The transformations used for geographic movement data are described in a survey paper . Not all of them are meaningful for eye tracking data; particularly, transformations involving interpolation between recorded positions are inapplicable. Useful transformations are adjustment of time references, spatial generalization, and spatio-temporal aggregation.
Adjustment of time references means replacement of the original time stamps in the trajectories by new references derived in a certain way from the original ones. There are two classes of time transformations : projecting onto temporal cycles and aligning the start and/or end times of multiple trajectories. Only the second class is applicable to eye tracking data. Aligning either the start or end times means shifting the timelines of the trajectories to a common origin or a common end without changing the time units and durations of the trajectories. Aligning both the start and end times means that the trajectories are equalized in duration and the time is no more measured in the original absolute time units such as milliseconds but in fractions of the trajectory duration such as thousandths.
Aligning the start times of eye trajectories is always reasonable since the absolute start times in the original data are not meaningful for the analysis. Aligning the end times may be useful when all users are supposed to come at the end to a certain target. Aligning both the start and end times allows the analysts to disregard individual differences in the viewing/searching speed and focus on the strategies used.
Spatial generalization means replacement of the original spatial positions in the trajectories by coarser space units, e.g., points by areas. Multiple trajectories are easier to compare after the transformation when the same set of space units is used for the generalization of each trajectory. The units may be obtained by means of space tessellation. Arbitrary regular grids may distort the spatial patterns and introduce geometric artifacts. Tessellation based on the spatial distribution of characteristic trajectory points may be more appropriate . Another approach is to use areas (convex hulls or buffer zones) enclosing dense clusters of fixation points, which can be found by means of density-based clustering. Such areas can also be created interactively. The images below demonstrate two ways of space generalization: by automatic tesselation (on the left) and by interactive creation of areas of interest (AOIs) (on the right).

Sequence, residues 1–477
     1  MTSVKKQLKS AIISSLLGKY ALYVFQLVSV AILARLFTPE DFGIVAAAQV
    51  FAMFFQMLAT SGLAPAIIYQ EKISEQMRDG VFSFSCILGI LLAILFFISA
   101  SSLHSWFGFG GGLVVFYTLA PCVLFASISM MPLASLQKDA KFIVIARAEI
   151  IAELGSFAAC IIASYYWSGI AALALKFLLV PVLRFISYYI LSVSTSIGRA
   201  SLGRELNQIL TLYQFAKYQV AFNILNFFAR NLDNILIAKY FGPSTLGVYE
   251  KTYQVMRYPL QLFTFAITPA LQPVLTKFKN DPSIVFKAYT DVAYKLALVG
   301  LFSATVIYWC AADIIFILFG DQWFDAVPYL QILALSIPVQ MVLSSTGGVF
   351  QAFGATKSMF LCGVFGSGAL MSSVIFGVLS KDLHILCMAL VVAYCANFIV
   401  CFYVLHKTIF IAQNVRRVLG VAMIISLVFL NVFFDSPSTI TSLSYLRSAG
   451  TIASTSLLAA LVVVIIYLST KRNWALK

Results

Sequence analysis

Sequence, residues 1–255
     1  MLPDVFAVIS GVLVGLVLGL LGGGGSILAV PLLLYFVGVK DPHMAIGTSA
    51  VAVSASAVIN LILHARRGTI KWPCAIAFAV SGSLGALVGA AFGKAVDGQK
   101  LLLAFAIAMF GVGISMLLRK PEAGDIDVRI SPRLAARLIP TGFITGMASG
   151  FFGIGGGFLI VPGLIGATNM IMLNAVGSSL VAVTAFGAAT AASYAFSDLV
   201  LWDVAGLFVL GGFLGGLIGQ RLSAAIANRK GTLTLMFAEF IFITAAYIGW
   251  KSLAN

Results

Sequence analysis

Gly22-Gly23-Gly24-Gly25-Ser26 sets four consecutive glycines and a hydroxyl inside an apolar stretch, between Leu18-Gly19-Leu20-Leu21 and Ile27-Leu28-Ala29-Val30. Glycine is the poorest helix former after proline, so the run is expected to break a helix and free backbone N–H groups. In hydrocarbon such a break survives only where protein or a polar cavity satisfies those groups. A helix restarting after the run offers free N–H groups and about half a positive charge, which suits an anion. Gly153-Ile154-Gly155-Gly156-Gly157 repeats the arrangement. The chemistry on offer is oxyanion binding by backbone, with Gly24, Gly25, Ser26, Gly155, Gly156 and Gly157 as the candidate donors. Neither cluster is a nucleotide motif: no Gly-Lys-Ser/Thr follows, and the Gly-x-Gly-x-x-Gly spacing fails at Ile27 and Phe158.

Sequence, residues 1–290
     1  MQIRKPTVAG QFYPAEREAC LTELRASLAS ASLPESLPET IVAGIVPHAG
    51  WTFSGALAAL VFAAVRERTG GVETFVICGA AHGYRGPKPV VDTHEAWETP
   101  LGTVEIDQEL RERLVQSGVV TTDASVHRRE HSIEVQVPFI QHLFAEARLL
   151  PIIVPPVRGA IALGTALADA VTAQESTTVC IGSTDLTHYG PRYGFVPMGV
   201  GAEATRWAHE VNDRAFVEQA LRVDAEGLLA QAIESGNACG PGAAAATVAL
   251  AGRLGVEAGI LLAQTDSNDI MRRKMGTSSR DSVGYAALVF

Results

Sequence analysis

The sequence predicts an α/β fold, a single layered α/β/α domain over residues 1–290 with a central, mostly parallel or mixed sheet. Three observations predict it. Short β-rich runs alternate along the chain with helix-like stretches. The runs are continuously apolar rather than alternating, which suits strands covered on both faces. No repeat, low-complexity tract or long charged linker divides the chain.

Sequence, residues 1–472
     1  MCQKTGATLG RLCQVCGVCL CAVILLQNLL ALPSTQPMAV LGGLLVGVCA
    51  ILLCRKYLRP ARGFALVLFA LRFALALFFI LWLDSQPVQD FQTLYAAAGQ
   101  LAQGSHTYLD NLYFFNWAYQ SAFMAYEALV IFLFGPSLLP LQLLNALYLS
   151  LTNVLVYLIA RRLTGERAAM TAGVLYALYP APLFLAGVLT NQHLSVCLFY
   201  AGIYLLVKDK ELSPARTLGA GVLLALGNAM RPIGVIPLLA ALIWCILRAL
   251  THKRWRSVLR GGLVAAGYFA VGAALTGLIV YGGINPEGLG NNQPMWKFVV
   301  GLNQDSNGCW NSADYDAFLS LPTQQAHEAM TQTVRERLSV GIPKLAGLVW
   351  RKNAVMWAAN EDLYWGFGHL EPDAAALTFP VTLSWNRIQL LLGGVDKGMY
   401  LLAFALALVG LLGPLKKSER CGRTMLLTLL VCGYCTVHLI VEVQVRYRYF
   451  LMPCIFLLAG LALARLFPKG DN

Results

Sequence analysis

The generalization by AOIs, which do not cover the whole display space, ignores the trajectory points lying outside of all AOIs. The generalization based on space tessellation does not omit any trajectory point but several points may be grouped together and replaced by one area.
The main difference of eye movements from movements of physical objects governed by inertia is the presence of instantaneous jumps (saccades) over relatively long distances. The intermediate points between the start and end positions of a jump are not meaningful. It cannot be assumed that there exists a straight or curved line between two fixation positions such that the eye focus travels along it attending all intermediate points. Therefore, any method that explicitly or implicitly involves interpolation between positions is not applicable. In particular, aggregation of eye trajectories into smooth surfaces of movement density is not valid as this involves interpolation between trajectory points. Smooth density surfaces can be built based only on the eye fixation points, disregarding the moves between them. This is done in generating attention heatmaps, a standard technique for visualization of eye tracking data. Attention heatmaps show the distribution of user attention over the visual stimulus but do not show eye movements.
A valid method for aggregation of eye trajectories is discrete aggregation  using a finite set of places, such as compartments of space tessellation or previously defined AOIs (areas of interest). Trajectories are transformed into sequences consisting of visits of the places and moves (transitions) between them (this means that the trajectories are spatially generalized). Then for each place various statistics of the visits (i.e., eye fixations) are computed: count of visits, count of different visitors (users), total and/or average time spent in the place, etc. For each pair of places, statistics of the moves from the first to the second place are computed such as count of the moves and count of different users. By dividing the first count by the second the average number of moves per user is obtained. Aggregated moves are often called flows and the respective counts of the individual moves or objects (users) that moved are called flow magnitudes. Flows can be cartographically representes on flow maps.
In spatio-temporal aggregation, time is divided into intervals and the statistics are computed by these intervals. As a result, each place receives one or more time series of visit statistics and each connection (i.e., ordered pair of places for which at least one move exists) receives one or more time series of move statistics. Adjustment of the time references in the trajectories may be reasonable to do before performing spatio-temporal aggregation.
The presence of saccades in eye movement data makes them similar to episodic movement data. Aggregation provides a good possibility to visualize and explore such data .
Dynamic aggregation means dynamic re-computation of aggregate attributes of places and flows in response to any filter applied to the trajectories from which the aggregates have been computed. As soon as the aggregates are re-computed, all the displays representing them (such as attention and flow maps) are updated. The possible ways of filtering include filtering by time, space, thamytic attributes, object selection, object class selection, and others.